If only 17% of shoppers say price is a dealbreaker, according to Forrester Research, then why do 76% of retailers aim to sell goods at the lowest price? This is a good question, and it’s one your customers should be asking when they put together their marketing campaigns.
Of course, customers still want to feel like they are getting a deal. (According to Statista, 93% of consumers use coupons or discounts at some point during the year.) It’s just that other factors are becoming as or more important than price. For example, a survey from NRF found that 75% of customers expect free delivery of online orders up to $50. It also found that customers are looking for things like hassle-free shopping and increased convenience, such as online shopping with pick-up of all items, prepaid, at the store.
So it’s not that price isn’t important. It’s that getting the most value and feeling the most satisfied with the purchase may be more so. After all, notes Lori Wagoner, community manager of Inbound Junction, “Consumers aren’t price-conscious when it comes to spending on the goods and services that they really want. This is apparent from the way we max out our credit cards or sell our kidneys to buy gadgets or shoes.”
This is where data plays an increasingly important role, and why investment in data analysis, customer profiling, and development of personas is so critical. We need to understand the real triggers for purchasing decisions.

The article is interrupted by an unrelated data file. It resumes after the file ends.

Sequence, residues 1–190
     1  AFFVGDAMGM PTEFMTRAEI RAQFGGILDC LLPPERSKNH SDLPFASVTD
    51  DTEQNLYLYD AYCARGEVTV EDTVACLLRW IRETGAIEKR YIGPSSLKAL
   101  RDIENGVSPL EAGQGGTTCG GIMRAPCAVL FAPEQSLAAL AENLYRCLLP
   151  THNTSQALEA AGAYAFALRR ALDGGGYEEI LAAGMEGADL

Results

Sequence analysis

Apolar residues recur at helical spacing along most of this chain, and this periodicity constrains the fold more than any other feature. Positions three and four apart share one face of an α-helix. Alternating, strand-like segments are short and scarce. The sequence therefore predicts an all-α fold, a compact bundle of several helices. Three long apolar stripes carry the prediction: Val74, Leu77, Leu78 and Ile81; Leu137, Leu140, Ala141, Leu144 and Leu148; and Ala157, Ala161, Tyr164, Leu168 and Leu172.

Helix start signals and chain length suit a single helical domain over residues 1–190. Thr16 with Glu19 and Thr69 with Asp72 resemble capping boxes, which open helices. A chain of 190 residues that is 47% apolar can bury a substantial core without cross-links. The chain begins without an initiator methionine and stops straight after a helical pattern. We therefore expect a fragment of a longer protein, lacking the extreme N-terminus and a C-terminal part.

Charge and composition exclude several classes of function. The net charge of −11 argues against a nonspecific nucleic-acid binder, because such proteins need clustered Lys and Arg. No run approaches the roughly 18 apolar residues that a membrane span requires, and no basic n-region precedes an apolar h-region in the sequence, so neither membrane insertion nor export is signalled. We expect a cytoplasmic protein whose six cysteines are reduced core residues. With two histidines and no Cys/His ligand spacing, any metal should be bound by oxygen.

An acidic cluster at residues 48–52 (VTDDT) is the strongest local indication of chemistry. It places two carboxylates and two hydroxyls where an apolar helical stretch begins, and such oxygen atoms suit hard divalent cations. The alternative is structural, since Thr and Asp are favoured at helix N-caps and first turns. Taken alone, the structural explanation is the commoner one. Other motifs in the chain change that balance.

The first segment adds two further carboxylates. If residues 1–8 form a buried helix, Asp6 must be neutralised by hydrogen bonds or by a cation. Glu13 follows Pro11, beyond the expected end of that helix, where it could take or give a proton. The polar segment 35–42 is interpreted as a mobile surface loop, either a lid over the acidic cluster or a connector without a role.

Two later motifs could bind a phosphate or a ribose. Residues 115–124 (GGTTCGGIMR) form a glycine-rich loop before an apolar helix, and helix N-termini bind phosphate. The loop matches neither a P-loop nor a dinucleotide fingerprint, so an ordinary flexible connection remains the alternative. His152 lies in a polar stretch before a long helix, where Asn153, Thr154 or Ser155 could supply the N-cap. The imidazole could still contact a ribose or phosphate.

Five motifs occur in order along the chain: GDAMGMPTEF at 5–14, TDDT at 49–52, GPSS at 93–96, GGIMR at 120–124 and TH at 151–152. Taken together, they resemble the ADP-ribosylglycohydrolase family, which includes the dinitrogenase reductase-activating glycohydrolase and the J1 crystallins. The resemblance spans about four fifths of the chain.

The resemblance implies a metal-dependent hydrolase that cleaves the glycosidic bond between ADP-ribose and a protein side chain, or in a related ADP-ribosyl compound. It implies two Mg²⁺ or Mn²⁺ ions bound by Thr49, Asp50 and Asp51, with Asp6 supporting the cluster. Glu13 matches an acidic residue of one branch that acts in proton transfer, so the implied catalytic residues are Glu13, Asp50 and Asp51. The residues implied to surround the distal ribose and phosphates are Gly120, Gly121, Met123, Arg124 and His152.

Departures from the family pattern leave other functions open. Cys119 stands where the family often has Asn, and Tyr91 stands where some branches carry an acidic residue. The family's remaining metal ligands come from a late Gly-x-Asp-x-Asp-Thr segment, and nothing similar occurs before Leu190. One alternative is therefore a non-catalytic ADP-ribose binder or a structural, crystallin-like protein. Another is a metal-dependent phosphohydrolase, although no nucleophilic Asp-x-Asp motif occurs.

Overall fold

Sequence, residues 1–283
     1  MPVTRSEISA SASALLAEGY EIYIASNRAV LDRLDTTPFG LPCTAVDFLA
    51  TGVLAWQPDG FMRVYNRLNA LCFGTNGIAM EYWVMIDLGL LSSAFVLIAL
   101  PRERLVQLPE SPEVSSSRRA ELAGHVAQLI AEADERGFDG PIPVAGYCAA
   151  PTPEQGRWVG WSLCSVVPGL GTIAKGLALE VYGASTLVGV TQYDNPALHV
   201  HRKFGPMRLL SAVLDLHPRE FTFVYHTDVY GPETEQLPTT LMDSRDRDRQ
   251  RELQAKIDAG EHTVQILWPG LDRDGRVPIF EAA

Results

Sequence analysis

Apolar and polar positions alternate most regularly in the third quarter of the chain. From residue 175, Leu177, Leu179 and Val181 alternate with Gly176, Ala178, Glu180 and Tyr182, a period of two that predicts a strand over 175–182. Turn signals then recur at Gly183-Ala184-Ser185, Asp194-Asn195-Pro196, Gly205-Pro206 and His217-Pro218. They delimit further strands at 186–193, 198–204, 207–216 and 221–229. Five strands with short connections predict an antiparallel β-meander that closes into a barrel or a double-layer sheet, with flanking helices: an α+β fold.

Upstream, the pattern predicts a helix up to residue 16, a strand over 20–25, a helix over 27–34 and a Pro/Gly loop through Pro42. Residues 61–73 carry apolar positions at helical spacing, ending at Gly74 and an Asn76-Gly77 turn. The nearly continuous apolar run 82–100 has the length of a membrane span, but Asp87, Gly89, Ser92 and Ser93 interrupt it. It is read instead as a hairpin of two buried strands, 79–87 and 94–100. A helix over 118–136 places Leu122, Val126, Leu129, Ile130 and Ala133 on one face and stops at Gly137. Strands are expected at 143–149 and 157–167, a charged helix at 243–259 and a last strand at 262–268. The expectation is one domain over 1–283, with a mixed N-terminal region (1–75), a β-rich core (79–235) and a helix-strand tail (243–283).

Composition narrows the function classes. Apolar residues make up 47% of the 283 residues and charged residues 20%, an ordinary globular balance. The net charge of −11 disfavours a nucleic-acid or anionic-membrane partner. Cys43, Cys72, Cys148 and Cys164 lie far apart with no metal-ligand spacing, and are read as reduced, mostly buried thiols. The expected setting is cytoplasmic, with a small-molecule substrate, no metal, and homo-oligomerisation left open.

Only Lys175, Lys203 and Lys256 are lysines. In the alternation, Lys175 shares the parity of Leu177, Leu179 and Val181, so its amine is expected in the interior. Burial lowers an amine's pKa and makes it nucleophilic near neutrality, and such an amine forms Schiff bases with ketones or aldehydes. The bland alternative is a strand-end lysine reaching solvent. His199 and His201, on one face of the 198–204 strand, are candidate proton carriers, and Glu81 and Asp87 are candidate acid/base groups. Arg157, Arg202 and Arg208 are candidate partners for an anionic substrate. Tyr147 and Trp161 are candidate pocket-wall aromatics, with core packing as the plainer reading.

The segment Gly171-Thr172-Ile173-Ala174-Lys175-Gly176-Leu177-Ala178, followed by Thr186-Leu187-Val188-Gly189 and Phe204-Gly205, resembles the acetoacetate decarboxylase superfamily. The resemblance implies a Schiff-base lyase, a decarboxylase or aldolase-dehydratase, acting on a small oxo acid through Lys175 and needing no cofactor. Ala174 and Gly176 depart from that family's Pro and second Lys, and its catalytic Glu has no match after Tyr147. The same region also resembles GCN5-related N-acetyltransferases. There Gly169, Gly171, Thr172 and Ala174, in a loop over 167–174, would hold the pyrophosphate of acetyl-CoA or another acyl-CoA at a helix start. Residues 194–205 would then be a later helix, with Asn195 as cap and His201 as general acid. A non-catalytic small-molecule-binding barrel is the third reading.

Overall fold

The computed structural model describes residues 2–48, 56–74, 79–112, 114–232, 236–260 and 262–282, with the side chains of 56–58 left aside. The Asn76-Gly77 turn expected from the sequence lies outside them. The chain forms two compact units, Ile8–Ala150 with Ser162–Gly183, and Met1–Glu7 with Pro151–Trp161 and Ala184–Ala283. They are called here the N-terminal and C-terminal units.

- Are people buying because they have a need?
- Are they buying because other people are buying?
- Is it a spontaneous purchase because, in the moment, they just feeling like doing it?
- Are they driven by social, cultural, or other factors?
While we cannot predict every buying behavior, data can give brands amazing insight into who, when, and why customers buy. Take just the nonprofit sector. Did you know that Mac users give more to charity than PC users? (According to QGive, Mac users give an average of $182 per donation, while PC users give an average of $137 per donation.) Or that households earning less than $25,000 per year donate the largest share (16.6%) of their income to charity?
All of this adds up to one thing: data. It is increasingly clear that marketers can’t leave the mail house or email delivery server without it. The more we understand about consumer behavior, the more we understand that price is not always the greatest motivator, and it’s not necessarily even the most important one. Identifying the right buying triggers for each audience is going to take data—lots of data—and the willingness to figure out how to apply it.